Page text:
On this day, 70 years ago, the Supreme Court ruled that public schools could not provide formal religious instruction to students. It was a landmark ruling that built up the wall of separation between church and state at a time before it was so routinely under attack.
The plaintiff was Vashti McCollum, a Humanist whose child attended school in Champaign, Illinois. Because James sat out during religious instruction time, he was treated like a pariah. While the classes were voluntary, there was pressure from administrators for students to attend. And while the classes were theoretically inclusive of different faiths, you can guess which one belief system dominated all conversations.
That’s why McCollum sued, saying the classes were a violation of the Establishment Clause. She lost in a lower district court, appealed and lost in the Illinois Supreme Court, appealed again… and finally won in the Supreme Court in an 8-1 ruling. These days, religious instruction may be offered to public school students, but the administrators can’t run the show.
Ellery Schempp, whose own Supreme Court victory in 1963 helped end mandatory Bible readings in public school, sent me these words of praise in honor of today’s anniversary. He also noted that her victory set the stage for his own success. (I’ve made minor edits to his email.)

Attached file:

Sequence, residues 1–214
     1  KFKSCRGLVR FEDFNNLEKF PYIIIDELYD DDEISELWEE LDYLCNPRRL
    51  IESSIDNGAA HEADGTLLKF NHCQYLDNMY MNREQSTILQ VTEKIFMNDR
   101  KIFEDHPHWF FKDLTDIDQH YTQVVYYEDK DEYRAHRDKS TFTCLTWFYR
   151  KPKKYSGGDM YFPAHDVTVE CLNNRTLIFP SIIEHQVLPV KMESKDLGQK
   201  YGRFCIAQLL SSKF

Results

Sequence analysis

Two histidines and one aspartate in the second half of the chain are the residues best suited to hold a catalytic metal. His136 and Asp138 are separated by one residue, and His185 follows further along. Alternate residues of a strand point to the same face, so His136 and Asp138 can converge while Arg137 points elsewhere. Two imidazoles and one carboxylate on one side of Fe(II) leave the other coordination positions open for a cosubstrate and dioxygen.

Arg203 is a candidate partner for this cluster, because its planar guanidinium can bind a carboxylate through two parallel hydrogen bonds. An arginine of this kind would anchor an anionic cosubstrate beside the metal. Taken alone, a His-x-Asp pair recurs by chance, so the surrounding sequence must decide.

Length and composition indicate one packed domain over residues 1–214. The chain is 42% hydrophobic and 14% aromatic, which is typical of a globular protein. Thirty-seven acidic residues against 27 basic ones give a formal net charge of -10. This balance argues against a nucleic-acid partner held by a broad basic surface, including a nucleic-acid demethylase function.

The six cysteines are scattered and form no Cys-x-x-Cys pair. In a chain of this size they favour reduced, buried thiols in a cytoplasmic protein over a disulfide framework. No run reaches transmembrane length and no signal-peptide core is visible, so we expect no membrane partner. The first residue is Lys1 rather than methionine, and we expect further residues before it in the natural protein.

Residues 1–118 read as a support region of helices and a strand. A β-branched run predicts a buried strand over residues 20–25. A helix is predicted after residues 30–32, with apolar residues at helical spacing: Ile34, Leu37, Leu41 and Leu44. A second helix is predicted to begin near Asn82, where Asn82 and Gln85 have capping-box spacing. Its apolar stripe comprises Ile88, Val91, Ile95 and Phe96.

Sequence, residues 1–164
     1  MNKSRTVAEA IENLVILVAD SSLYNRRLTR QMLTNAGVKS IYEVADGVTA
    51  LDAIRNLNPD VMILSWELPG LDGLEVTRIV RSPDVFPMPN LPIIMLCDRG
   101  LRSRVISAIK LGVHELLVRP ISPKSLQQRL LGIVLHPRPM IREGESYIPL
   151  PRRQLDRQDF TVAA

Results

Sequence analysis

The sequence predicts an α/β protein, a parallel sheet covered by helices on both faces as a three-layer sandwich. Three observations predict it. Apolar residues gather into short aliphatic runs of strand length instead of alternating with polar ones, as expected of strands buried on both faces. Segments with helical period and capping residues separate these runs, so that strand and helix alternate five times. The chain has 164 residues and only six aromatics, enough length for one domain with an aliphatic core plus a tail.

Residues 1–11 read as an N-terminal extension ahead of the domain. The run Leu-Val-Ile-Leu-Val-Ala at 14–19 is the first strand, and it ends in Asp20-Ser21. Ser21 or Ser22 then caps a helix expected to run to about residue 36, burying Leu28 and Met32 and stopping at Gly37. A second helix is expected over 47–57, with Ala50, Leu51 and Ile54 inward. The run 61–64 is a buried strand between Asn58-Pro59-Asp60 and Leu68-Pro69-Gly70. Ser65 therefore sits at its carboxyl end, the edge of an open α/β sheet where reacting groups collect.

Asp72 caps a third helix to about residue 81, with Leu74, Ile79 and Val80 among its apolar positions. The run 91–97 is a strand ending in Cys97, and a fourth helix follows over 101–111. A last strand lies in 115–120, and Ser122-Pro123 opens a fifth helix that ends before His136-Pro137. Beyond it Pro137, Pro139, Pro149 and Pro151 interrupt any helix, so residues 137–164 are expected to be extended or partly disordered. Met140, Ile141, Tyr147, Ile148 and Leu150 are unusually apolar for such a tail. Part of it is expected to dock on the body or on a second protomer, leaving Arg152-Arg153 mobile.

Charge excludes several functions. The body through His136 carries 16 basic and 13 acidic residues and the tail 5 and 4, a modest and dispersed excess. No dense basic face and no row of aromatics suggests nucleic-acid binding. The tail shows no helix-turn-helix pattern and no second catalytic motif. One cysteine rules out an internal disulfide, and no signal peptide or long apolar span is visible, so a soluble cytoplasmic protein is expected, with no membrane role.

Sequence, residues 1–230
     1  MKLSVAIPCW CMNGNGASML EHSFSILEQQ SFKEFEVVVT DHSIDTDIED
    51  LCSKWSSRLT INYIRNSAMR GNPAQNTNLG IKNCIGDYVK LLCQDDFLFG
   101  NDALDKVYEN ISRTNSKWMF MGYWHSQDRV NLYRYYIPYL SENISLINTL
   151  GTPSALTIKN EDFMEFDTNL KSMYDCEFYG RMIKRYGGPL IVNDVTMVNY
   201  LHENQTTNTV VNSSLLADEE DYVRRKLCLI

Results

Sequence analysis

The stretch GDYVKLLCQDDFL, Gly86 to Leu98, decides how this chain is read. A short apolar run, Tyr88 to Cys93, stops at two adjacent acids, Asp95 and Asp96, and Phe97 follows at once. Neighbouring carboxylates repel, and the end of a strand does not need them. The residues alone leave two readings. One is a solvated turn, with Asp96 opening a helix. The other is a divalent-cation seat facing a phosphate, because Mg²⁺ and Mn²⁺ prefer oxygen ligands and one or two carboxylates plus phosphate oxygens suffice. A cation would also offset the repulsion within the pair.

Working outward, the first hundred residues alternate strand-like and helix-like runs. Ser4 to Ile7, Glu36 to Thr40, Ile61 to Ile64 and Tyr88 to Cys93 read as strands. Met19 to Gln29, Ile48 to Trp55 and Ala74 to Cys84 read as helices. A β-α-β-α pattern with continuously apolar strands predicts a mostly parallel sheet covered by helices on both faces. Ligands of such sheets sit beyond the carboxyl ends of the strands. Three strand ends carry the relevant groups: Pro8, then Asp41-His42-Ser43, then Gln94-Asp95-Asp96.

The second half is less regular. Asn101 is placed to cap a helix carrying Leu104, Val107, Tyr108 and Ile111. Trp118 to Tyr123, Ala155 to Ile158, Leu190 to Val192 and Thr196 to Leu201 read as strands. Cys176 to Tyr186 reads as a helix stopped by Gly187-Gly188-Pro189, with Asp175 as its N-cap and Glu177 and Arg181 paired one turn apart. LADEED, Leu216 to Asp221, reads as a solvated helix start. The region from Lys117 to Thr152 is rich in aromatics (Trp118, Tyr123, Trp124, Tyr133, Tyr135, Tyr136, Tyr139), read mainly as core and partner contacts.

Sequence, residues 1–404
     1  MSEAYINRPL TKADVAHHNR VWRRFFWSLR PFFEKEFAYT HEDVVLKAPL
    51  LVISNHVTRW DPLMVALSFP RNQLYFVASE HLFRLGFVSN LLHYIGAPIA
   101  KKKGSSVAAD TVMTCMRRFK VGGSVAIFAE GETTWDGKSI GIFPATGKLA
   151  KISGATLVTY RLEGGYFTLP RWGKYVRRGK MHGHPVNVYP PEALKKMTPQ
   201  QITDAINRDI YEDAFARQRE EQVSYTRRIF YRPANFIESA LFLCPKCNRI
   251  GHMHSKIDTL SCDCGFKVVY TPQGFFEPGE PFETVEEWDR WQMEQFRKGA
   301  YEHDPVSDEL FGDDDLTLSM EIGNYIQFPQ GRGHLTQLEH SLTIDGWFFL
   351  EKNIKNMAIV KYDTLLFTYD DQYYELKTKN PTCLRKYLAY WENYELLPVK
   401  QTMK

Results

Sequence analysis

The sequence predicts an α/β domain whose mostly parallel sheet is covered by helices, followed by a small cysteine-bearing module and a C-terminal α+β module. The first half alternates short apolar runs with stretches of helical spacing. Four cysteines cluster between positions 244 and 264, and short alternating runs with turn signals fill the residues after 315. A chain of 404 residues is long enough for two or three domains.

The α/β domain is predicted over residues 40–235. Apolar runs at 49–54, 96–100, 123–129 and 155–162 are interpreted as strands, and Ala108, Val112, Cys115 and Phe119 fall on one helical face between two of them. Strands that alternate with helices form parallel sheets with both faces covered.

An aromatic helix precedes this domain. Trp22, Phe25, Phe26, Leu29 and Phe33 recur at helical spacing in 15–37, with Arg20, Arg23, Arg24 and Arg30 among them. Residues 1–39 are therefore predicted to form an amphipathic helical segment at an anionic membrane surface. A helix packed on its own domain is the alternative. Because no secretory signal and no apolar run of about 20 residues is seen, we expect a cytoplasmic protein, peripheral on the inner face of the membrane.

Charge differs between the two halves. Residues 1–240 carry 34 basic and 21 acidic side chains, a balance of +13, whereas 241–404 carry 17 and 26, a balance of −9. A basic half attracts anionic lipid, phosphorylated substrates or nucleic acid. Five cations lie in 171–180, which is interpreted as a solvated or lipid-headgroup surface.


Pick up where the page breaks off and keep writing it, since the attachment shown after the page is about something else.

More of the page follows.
Vashti did not get help from the ACLU. She got help from a Unitarian minister, and otherwise paid the bills with her husband’s income. [Update: McCollum received a lot of help, financially and legally, from the Chicago Action Council, a Chicago-based organization for Jewish businessmen.]
The classes for Protestants were on school premises; Jews and Roman Catholics went to religious buildings elsewhere. Secularists, Unitarians, non-believers, Buddhists, etc. had nowhere to go.
Major issues in 1947-48 were whether Catholic Parochial Churches would get taxpayer money for their programs. The McCollum decision headed off efforts by the Catholic hierarchy to get public funding under the rubric of freedom of religion.
The decision in 1948 also set the stage for a later understanding that a student who was forced to self-identify as a non-believer/dissenter would suffer emotionally and socially. From Abington [Schempp’s case]: “Children are not noted for their resistance to social suasion.”
The McCollum decision is important to recall.
Numerous significant decisions were derivative or expanded upon [the ruling]. These include Engel v. Vitale regarding state-composed prayers (1962); Abington v. Schempp and Murray v. Curlett regarding Bible readings (1963); Lee v. Weisman re: graduation prayers (1992); Lemon v. Kurtzman (1971). Many others. (Interesting note: The attorney who won the Abington case, Henry W. Sawyer, III, also won the Lemon case.)
I am particularly fond of this quote from Engel: “It is no part of the business of government to be composing prayers.” It reminds us, what is the business of government.
There were many factors leading to “Under God” being added to the 1892 Pledge of Allegiance at the urging of the Knights of Columbus in 1954. Fear of communism, McCarthy… but one was to punish McCollum!
So let us celebrate anew the McCollum decision, Vashti’s beautiful intellect, and her bravery and courage.
If you have an hour to spare this weekend, check out this great documentary about her case: